…And now for something completely different.
Members of the British comedy group ‘Monty Python’ will reunite for a one-off live show next July. According to a press conference given by the comedy legends, the group wants to see if they are “still funny”.
Original members Michael Palin, John Cleese, Eric Idle, Terry Gilliam and Terry Jones will perform together for the first time in over 30 years.
According to the group, the show’s content will include “some of Monty Python’s greatest hits, with modern, topical, Pythonesque twists”. However, John Cleese has promised that there will also be some new material.
‘Monty Python’s Flying Circus’, a surreal, DaDa inspired comedy sketch show, first hit British screens in 1969 and remained extremely popular with audiences until it ended in 1974. The show acted as the voice of a new generation, with a fresh approach to comedy and an irreverent, sometimes controversial, edge. Many of the group’s most famous sketches have become treasured parts of British popular culture.
The group released their first feature film ‘And Now For Something Completely Different’ in 1971, but it wasn’t until 1974’s ‘Monty Python and the Holy Grail’ that they filmed an entire movie of new material. The film is an enduring comedy classic, as is its sequel, the controversial ‘Monty Python’s Life of Brian’ (1979). The group’s third feature film ‘Monty Python’s The Meaning of Life’ (1983) was a jet black comedy that was closer in style to the sketch show format of the series, but did not fare as well critically or commercially, despite garnering strong fan support.
In 1989, founding member Graham Chapman sadly passed away from cancer, which put any future reunions in jeopardy.
Following Chapman’s untimely passing, Eric Idle famously stated, “We would only do a reunion if Chapman came back from the dead. So we’re negotiating with his agent.”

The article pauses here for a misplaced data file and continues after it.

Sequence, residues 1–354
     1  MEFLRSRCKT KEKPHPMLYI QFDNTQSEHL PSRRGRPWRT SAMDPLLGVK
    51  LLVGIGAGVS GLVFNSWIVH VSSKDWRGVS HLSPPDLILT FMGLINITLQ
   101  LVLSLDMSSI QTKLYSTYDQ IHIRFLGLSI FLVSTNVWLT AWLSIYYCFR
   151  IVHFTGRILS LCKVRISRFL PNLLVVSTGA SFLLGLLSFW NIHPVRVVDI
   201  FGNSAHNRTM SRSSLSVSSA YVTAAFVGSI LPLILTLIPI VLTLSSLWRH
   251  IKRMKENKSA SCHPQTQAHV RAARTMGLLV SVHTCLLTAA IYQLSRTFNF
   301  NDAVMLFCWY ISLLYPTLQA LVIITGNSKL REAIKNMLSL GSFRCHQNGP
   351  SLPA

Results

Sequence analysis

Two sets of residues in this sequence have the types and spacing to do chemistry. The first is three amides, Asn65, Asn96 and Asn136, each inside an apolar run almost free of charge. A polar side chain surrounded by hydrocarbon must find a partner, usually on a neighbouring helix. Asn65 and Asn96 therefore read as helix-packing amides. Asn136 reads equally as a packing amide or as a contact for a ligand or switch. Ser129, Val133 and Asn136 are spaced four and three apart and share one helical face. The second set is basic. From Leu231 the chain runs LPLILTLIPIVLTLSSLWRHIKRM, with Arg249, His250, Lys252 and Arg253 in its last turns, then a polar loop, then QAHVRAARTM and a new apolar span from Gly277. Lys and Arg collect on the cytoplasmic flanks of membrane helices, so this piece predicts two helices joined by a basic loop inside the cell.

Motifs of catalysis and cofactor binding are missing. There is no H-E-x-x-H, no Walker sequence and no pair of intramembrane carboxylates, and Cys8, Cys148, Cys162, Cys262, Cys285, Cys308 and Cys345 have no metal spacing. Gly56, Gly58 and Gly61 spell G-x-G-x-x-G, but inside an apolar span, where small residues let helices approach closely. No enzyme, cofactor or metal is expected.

Since then, the Pythons have occasionally reformed, with the shows usually featuring an urn containing the ‘ashes’ of Chapman (in reality, his ashes were scattered on Mount Snowdon, Wales by his partner David Sherlock). The urn was, in one instance ‘accidentally’ knocked over on stage before being vacuumed up with a Dust Buster.
The new show is going to feature classic sketches that have never been performed live. Idle, who is also the show’s director, has said that it is going to resemble “a huge musical” in style, whilst John Cleese warned, “The main danger we have is that the audience know the scripts better than we do.”
During the aforementioned press conference, Michael Palin stated that the group “still enjoy getting together to be very silly”.
“After you turn 70, you can be absolutely shameless,” joked Terry Gilliam.
Prior to this news, the troupe’s most recent live performance took place at the Hollywood Bowl in Los Angeles in September 1980, but it has been 40 years since the Pythons last performed on stage in the UK.
The most expensive tickets have been announced at £95, but the cheapest seats will costs just £26.50, with Idle quipping that it was “only £300 cheaper than The Stones”
“I hope to be able to pay off my mortgage!” said Terry Jones.
The show will also be made available on DVD & Blu Ray later in the year.